Such is always the mechanism of the collective

Doc Preview
Pages 100+
Total views 35
Such is always the mechanism of the collective hallucinations so frequent in history—hallucinations which seem to have all the recognised characteristics of authenticity, since they are phenomena observed by thousands of persons. To combat what precedes, the mental quality of the individu- als composing a crowd must not be brought into consideration. This quality is without importance. From the moment that they
16Gustave Le Bon form part of a crowd the learned man and the ignoramus are equally incapable of observation. This thesis may seem paradoxical. To demonstrate it beyond doubt it would be necessary to investigate a great number of his- torical facts, and several volumes would be insufficient for the purpose. Still, as I do not wish to leave the reader under the impression of unproved assertions, I shall give him some examples taken at hazard from the immense number of those that might be quoted. The following fact is one of the most typical, because chosen from among collective hallucinations of which a crowd is the vic- tim, in which are to be found individuals of every kind, from the most ignorant to the most highly educated. It is related inciden- tally by Julian Felix, a naval lieutenant, in his book on "Sea Currents," and has been previously cited by theRevue Scientifique. The frigate, theBelle Poule,was cruising in the open sea for the purpose of finding the cruiserLe Berceau,from which she had been separated by a violent storm. It was broad daylight and in full sunshine. Suddenly the watch signalled a disabled vessel; the crew looked in the direction signalled, and every one, offi- cers and sailors, clearly perceived a raft covered with men towed by boats which were displaying signals of distress. Yet this was nothing more than a collective hallucination. Admiral Desfosses lowered a boat to go to the rescue of the wrecked sailors. On nearing the object sighted, the sailors and officers on board the boat saw "masses of men in motion, stretching out their hands, and heard the dull and confused noise of a great number of voices." When the object was reached those in the boat found themselves simply and solely in the presence of a few branches of trees covered with leaves that had been swept out from the neighbouring coast. Before evidence so palpable the hallucina- tion vanished. The mechanism of a collective hallucination of the kind we have explained is clearly seen at work in this example. On the one hand we have a crowd in a state of expectant attention, on the other a suggestion made by the watch signalling a disabled vessel at sea, a suggestion which, by a process of contagion, was accepted by all those present, both officers and sailors.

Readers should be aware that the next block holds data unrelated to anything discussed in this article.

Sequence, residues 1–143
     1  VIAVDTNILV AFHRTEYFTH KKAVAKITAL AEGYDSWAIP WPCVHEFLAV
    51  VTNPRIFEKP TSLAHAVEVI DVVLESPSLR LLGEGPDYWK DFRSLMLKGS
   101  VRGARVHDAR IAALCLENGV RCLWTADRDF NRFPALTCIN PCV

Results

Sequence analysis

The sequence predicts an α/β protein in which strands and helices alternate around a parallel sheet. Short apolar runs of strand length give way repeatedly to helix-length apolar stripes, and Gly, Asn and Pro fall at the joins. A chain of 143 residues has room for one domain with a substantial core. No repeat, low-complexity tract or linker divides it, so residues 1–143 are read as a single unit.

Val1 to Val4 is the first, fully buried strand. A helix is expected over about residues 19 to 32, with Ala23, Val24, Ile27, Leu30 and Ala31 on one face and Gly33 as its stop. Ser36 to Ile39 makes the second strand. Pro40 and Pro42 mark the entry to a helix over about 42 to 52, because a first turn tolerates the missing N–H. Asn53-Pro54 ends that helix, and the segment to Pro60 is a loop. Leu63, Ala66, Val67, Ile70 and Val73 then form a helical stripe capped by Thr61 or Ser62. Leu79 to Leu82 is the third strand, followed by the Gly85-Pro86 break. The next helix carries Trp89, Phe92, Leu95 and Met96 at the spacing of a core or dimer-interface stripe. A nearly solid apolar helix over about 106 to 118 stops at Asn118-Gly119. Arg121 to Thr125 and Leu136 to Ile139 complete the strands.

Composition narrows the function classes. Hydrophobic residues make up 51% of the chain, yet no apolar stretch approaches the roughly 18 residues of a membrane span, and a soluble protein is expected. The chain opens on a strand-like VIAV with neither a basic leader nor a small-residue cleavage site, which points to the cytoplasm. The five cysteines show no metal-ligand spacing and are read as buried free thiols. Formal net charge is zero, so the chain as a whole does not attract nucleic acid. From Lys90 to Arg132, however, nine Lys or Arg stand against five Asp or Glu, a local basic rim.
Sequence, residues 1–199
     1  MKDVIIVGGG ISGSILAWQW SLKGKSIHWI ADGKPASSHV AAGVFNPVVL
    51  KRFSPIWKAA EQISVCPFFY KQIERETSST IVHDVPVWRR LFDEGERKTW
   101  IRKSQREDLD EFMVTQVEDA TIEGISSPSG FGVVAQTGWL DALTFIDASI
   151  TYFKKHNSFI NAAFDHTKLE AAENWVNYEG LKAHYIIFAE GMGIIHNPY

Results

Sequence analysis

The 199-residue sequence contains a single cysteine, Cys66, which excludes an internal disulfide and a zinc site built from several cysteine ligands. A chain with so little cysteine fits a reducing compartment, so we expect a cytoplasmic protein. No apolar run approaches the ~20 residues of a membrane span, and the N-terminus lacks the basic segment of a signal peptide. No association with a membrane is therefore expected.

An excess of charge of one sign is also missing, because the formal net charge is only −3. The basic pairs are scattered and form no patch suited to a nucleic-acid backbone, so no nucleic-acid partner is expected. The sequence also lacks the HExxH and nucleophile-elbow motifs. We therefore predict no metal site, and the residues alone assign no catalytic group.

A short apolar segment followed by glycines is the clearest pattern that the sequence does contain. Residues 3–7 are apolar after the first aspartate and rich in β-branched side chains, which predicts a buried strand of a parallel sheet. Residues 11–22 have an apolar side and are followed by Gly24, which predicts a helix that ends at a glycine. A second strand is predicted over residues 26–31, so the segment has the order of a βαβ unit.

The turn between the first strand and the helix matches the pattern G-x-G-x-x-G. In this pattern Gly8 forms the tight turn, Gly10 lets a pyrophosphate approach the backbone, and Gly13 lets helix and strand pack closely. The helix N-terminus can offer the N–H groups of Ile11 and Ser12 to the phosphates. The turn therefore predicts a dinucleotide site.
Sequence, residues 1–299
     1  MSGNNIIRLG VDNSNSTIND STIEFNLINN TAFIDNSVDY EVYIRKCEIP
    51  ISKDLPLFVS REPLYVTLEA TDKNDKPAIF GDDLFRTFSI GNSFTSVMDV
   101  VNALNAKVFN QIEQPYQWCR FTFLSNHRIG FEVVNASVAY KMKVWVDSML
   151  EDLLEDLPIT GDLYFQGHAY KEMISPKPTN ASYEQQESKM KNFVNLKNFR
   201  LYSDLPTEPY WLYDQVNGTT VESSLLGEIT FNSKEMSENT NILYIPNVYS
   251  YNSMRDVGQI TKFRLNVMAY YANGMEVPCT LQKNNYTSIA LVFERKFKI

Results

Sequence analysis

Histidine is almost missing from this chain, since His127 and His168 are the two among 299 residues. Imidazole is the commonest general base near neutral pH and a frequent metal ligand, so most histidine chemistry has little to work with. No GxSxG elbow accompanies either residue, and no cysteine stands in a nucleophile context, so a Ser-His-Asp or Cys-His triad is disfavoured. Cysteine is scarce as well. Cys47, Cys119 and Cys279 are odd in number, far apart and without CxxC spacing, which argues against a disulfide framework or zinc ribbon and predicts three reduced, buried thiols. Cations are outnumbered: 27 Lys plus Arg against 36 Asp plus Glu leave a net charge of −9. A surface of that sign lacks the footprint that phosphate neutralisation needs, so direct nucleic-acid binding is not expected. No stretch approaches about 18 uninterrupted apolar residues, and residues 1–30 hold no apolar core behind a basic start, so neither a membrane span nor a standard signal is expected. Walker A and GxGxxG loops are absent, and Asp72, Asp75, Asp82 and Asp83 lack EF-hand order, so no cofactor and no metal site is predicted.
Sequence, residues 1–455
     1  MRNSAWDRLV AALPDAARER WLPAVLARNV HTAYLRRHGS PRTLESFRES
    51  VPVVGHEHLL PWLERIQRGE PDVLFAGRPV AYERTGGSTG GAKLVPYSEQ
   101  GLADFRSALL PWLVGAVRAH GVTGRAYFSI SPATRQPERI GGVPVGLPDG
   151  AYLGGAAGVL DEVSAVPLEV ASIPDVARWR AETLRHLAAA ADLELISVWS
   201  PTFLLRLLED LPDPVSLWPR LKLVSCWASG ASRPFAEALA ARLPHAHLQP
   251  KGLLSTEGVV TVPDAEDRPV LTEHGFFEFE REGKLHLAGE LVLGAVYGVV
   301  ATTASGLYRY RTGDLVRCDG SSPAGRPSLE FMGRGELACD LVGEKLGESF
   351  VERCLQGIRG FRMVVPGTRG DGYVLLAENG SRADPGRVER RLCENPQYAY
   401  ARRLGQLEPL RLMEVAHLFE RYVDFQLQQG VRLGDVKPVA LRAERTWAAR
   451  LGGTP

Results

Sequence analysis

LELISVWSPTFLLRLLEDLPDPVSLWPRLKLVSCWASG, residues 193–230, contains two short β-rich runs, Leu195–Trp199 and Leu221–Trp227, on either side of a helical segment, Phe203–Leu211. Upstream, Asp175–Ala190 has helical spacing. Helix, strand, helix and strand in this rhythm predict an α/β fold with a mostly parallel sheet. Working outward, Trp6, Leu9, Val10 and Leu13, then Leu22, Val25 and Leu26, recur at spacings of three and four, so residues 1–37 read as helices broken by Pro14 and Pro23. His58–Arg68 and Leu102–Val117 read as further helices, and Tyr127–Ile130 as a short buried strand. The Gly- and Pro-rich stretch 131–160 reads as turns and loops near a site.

THE CROWD: A STUDY OF THE POPULAR MIND 1 7 It is not necessary that a crowd should be numerous for the faculty of seeing what is taking place before its eyes to be destroyed and for the real facts to be replaced by hallucinations unrelated to them. As soon as a few individuals are gathered together they constitute a crowd, and, though they should be
Course Hero Badge

Want to read all 157 pages?

Previewing 36 of 157 pages Upload your study docs or become a member.
Course Hero Badge

Want to read all 157 pages?

Previewing 36 of 157 pages Upload your study docs or become a member.
Course Hero Badge

End of preview

Want to read all 157 pages? Upload your study docs or become a member.